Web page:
Subflex sound a bit sort of New Order/Joy Division, leaning more toward the latter than the former. Goodbye 20th Century is good if you like that sort of stuff, but personally I'm not terrifically keen on it, so thumbs down here.
Track four - Poor Johnny from, and I kid you not, The Bonsai Kittens - is what you would call "quirky", meaning it's funny if you listen to the lyrics, and pretty pointless if you don't. It's sort of "The Ronnettes Sing About ASDA". Listen to it once for the lyrics, and once to get the bits you missed, but it's not really a keeper by any stretch of the imagination.
Dead Kids Disco - Boredom Kills: Sounds like computer game
music as composed and performed by Linkin Park with a very young John
Lydon on the vocals. Odd mixture of very 8-bit sounding synths, shouty
lyrics and distorted something or other that may or may not be a
Squelch - Gesolution: Good ol' drum'n'bass with a slightly acid-y feel, and a bit in the middle that sounds like the Avalanches are guesting. Wouldn't be out of place as the music for an Amiga demo. Mostly boring and repetitive, alas.
Y.A.C.H.T - Sometimes I Doubt Your Commitment To Sparkle Motion: Deserves some sort of award for the title alone. More 8-bit sounding stuff meshed in with more regular electronica and processed drums.
Vi An - Evening Song On The Fishing Boat: Whiplash change of pace into eastern music. Woah. Not really my shtick at ALL.
Tigrics - Kell OMD: I think this is an aural poster child
for the Ambient genre, at least until the scratchy beat kicks in, but
even then it's barely raising itself from its laid-back position.
Quantazelle - Braking: Somewhat harsher electronica, with vocals; the opening is somewhat reminiscent of Jarre, and the buildup is kicking some other similarity in the back of my head that I can't seem to pull out at the moment, but may be one of the Chemical Brothers' less frenetic tracks. I like this.
The Oranges Underground - Creep: A cover of the Radiohead classic, with a vocal performance by Leeloo from The Fifth Element. Or at least that's how it sounds. Not terrifically engaging.
L-10 - London Below: I wasn't sure what to expect given that the title immediately makes me think of Gaiman's Neverwhere; I guess some muttering at the start that sounds a bit like, well, a geezer (innit!) shouldn't be surprising. The music's fairly bland, with extremely plastic percussion and an odd mix of clipped vs. sustained sounds layered on top of it. Again, not great.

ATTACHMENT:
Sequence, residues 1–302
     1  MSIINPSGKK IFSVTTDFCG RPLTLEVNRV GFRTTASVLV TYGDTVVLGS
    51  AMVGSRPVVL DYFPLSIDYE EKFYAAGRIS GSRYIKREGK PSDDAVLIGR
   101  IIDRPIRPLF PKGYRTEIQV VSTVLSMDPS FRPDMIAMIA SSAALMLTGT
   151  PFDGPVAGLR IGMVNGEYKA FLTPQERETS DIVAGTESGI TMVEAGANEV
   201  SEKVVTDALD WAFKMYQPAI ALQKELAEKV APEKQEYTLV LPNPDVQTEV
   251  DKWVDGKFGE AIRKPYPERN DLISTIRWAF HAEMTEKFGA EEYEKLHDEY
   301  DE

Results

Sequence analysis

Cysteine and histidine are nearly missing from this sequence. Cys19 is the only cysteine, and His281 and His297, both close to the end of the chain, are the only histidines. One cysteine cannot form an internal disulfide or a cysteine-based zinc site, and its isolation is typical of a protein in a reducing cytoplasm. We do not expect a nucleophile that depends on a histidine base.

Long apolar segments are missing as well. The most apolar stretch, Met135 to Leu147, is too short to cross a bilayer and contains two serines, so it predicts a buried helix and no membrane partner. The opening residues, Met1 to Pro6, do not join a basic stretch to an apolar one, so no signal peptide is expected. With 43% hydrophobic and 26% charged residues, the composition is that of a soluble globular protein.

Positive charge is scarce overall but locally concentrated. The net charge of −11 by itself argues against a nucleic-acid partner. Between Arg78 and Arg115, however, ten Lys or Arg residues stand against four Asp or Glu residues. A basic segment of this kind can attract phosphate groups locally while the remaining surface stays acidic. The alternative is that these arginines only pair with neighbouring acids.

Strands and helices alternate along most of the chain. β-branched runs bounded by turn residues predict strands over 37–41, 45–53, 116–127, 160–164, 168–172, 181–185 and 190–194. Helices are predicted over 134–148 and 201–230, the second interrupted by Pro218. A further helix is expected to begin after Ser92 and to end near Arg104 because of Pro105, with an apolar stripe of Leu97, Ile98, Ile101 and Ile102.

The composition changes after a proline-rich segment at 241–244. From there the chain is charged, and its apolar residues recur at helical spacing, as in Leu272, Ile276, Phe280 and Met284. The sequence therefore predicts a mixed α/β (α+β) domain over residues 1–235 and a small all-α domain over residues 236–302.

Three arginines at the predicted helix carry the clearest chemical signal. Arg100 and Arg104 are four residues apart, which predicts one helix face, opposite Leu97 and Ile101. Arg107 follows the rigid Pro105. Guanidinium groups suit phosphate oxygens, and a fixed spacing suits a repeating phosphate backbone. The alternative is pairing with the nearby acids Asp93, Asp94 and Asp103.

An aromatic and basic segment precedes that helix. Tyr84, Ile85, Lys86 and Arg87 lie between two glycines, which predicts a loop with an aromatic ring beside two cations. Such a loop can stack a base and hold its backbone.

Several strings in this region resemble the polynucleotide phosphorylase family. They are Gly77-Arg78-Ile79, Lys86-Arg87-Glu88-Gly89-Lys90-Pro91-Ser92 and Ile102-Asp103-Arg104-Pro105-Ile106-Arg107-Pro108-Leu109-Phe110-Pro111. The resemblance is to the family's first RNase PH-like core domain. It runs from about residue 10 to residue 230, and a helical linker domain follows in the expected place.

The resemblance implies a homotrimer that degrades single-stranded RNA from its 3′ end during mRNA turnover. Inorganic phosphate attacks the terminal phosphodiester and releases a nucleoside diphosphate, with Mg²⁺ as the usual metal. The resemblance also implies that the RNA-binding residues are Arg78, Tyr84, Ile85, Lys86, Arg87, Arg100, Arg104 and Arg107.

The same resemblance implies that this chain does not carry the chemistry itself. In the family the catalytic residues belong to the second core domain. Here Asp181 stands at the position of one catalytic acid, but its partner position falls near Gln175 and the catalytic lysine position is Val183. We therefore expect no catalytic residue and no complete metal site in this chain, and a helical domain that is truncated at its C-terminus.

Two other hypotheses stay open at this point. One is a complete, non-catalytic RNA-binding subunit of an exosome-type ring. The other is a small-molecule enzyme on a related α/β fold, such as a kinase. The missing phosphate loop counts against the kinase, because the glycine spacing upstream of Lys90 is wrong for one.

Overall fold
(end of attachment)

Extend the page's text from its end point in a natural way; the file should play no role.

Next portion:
The Mathletes - Retarded Futuristic Pinocchio Scenario More "quirky". Musically a competent piece, mixing guitar with yet more plastic drums, and well-sung lyrics complete with harmonies and a sort of harpsichordy keyboard break. At least the lyrics aren't the feature of the song, unlike the ASDA track mentioned previously. So, thumbs up for this.
Aaron McMullan - I Do Believe You Are The Devil: one man and
his guitar, with unidentified backing singers. Not really my thing as
it reminds me of the likes of David Gray.
Hope For A Golden Summer - Malt Liquor: this is nice. For some reason it puts me in mind of Edie Brickell, or maybe early Sheryl Crow. Strong female vocals over fairly minimal guitar/percussion.
Lycius - Marilyn: more gentle guitar. I think probably the only stuff like this I've previously heard has been on other mixtapes; possibly Subflex from Superburst 18, but I didn't like them then and I don't much like this now. And it goes on way too long.
The Jamming Arabs - The Jamming Arabs Are Coming: kicks in sounding a bit like the Southpark theme music; you'd expect nothing less than weirdness from the artist/title. The lyrics are entirely "baaa", "nah nah" and "yeah yeah", and it's short enough to be a theme song for something. Too short to like much.
Nuclear Family - Ticking Clock: hmm, maybe in addition to my previous assessment of Mr. Ellis' liking for processed vocals I will add a predilection for shouty lyrics. Just at the end of this track it occurred to me that it's actually very like the B52s. I didn't like it as much as I liked them, though. Vaguely similar guitar sound to the previous track. The drumming in this is pretty good; there's a strong thread of early Cure in the music, on the whole. If it wasn't for the lyrics I'd rather like this.
Grande Cobra - Rebel Music: nice chunky guitar, solid drums, and, er, jeez. What happened to the vox? Something of a Billy Idol sneer, but really this sort of music needs more punch in the singing. A shame, because otherwise this is a decent track; as it stands, it got better on a second listen - maybe just the opening lyrics need reworking. Certainly stands up to a few listens, at least.
Lastinline - Fellatio: more shouty vocals. And I don't much like the music, either. Vaguely metally riff, followed by so much distorted guitar that it may as well be white noise. Keep it.
Hyacinth Toamrubby - Until Tomorrow: Weird acapella
piece. Nice lyrics, but it sounds like Random Male Vocalist Ensemble
Of The Month Club down at the local. Actually, it reminds me a little
of the opening to The Stone Roses' Tightrope.
Ballpoint Pens - Nine Out of Ten: Stars off sounding like the Sesame Street Theme, picks up a bit too late with some guitar that sounds like it was recorded on a cheap tape deck. Could have been better with a little more work on the production; the latter part of the song is pretty good aside from the sound quality.
Samarah - Pale Honey: Trippy sort of ethereal-lyrics-over-minimalist-electronica. Would probably fit very nicely on the soundtrack (or more likely the score) for The Crow: The Franchising or some such. Not great as a standalone piece.